frequency, but then climbs above 3 dB AR but never exceeds 5 dB. For most voice communications this
0
2
4
6
8
10
280 300 320 340 360 380 400
Single AR
Dual AR
Dual Gain
Single Gain
Quad Gain
Quad AR
Gain (dBi) & Axial Ratio (dB) vs Freq (MHz)
1
2
3
4
280 300 320 340 360 380 400
Single
Dual
Linear
Quad
VSWR vs Freq (MHz)
2:1
0
180
270
90
IN
0 90
Figure 4- Quad Hybrid
would be acceptable but will degrade the quality of signal and reduce the carrier to interference ratio (C/I)
from 15 dB to 11 dB where 10 dB is already marginal. Also, note the reduced gain from the skewed beam.
The quad CP feed is remarkable. The AR 3 dB bandwidth greatly exceeds the impedance bandwidth and
avails the entire 3 dB gain bandwidth for high quality CP. This is most important in SATCOM systems that
have tight margins to begin with and pay a premium for bandwidth. This result is predicated on the fact that
a quad hybrid can be manufactured with low phase variation and insertion loss over a large bandwidth, as
demonstrated by Guo
4
, who proposed a broadband 90 hybrid using a Schiffman phase shifter and L-probe
fed circular patches. The excellent CP results were confirmed in test.
B. HARDWARE TESTS- THE SINGLE QUAD FED SQUARE PATCH
Indeed, commercial grade 90 hybrids and 180 dividers are readily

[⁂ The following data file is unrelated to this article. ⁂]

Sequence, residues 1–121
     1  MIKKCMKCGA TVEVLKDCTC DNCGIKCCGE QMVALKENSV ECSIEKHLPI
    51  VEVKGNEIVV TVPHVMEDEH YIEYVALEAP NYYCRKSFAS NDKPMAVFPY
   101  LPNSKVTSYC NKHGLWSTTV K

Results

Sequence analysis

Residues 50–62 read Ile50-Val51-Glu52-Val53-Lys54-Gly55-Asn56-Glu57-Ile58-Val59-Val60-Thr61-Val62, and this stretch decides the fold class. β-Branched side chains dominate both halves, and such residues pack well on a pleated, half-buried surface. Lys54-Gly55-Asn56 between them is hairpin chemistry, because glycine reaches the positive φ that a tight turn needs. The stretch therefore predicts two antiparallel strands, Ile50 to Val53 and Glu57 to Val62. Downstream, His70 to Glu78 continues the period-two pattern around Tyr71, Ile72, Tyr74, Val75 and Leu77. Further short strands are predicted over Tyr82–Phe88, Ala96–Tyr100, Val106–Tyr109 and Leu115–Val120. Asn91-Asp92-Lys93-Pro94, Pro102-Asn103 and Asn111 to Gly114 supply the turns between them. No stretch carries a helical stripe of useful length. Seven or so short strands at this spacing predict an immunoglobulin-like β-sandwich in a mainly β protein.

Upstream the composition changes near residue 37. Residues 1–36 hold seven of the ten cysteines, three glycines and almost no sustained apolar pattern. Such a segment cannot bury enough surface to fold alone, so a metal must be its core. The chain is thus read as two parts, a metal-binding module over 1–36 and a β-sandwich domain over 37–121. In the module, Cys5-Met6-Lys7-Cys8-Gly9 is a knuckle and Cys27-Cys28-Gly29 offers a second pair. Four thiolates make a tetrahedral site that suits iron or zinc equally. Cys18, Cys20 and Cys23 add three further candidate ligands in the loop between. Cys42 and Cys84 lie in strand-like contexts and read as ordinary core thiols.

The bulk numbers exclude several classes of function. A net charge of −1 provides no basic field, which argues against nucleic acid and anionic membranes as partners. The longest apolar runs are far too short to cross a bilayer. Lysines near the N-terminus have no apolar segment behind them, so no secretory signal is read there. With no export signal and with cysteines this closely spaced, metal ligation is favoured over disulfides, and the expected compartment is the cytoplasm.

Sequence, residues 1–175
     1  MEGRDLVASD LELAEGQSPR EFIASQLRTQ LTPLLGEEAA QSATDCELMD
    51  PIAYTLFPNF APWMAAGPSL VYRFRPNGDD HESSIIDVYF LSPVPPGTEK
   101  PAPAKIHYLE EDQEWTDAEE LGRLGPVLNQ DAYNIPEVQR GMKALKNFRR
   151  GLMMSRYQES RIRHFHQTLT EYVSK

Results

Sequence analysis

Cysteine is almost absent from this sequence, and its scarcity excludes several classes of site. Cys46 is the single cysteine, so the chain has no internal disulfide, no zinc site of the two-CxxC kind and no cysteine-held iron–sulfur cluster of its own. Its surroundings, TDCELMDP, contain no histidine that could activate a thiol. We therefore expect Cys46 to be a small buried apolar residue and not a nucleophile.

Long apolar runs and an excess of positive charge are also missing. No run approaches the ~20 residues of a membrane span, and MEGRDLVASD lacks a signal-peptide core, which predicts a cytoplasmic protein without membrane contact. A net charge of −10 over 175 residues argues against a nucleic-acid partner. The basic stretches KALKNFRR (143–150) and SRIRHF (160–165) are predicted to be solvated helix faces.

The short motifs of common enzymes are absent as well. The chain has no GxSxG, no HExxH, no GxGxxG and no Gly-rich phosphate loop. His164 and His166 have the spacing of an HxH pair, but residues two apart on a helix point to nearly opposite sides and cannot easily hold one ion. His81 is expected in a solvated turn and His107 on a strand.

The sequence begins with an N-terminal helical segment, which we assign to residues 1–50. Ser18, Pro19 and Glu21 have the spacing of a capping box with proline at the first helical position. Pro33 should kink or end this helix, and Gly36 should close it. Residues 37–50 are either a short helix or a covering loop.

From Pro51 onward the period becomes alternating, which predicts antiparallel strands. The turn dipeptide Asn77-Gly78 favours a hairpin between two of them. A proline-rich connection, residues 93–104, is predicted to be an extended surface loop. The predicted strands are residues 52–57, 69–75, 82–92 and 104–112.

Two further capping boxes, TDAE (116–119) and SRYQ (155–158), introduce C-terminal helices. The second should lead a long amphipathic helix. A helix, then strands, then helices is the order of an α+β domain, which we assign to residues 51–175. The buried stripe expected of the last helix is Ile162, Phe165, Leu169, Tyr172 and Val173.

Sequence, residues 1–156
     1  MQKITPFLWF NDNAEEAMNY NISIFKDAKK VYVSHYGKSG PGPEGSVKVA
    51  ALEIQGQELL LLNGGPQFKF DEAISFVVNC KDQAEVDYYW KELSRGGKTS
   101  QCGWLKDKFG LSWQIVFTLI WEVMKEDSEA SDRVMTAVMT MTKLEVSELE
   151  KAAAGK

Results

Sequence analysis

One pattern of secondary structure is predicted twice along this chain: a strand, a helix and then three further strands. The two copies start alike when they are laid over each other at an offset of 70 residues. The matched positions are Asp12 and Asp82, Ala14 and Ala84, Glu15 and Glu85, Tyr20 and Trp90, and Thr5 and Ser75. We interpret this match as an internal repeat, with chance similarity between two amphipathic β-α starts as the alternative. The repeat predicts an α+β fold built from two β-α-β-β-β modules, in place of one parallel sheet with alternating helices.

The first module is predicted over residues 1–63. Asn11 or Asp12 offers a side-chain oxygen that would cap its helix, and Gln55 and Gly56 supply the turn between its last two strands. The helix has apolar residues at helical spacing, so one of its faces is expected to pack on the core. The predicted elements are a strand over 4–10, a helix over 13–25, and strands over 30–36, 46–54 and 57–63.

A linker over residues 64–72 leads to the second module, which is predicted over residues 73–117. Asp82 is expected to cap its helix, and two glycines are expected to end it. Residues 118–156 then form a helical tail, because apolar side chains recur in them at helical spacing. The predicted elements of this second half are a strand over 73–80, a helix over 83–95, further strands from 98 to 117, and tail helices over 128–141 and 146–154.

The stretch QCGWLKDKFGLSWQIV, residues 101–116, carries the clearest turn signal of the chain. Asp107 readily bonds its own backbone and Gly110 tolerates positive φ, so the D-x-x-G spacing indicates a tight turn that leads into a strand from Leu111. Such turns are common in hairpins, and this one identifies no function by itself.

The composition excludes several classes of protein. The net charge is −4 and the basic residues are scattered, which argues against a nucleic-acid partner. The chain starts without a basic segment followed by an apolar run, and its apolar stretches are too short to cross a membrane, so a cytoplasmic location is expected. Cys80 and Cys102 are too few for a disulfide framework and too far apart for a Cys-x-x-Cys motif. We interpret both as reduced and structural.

available to confirm in test the simulated results. Figure 4 shows the quad
hybrid network to deliver 0, 90, 180, and 270 phase over a
broadband. Specifically, Mini-Circuit hybrids and dividers were used
with a 220 to 470 MHz rating. The quad hybrid is small (< 6),
lightweight (< 1 #), and inexpensive (< $150). The best configuration is a
90 hybrid on the input side and two 180 dividers on the output side,
which produced the desired low phase variation quadrature phase outputs.
The test setup in Figure 5 shows a single square patch element 40 cm x 40 cm x 5 cm height (1 cm lower
than the CST model which shifted the center frequency up) over a 36 x 36 ground plane. The patch was
fabricated out of double sided FR-4 PCB material and offset from the center of the ground plane to make
the test more realistic. All feeds points were located at the patch corners and not moved inboard. The patch
edges had to be copper taped to prevent any waves from entering the FR-4 dielectric sandwich. The single